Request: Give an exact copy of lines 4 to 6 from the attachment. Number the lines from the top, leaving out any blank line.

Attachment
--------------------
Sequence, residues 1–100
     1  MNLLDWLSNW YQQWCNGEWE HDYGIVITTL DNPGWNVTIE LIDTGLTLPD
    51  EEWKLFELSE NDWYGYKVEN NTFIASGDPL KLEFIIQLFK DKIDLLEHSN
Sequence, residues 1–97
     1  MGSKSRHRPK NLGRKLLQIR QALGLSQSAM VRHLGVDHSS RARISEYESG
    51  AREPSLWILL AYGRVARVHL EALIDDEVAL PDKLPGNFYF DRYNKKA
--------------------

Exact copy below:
Sequence, residues 1–97
     1  MGSKSRHRPK NLGRKLLQIR QALGLSQSAM VRHLGVDHSS RARISEYESG
    51  AREPSLWILL AYGRVARVHL EALIDDEVAL PDKLPGNFYF DRYNKKA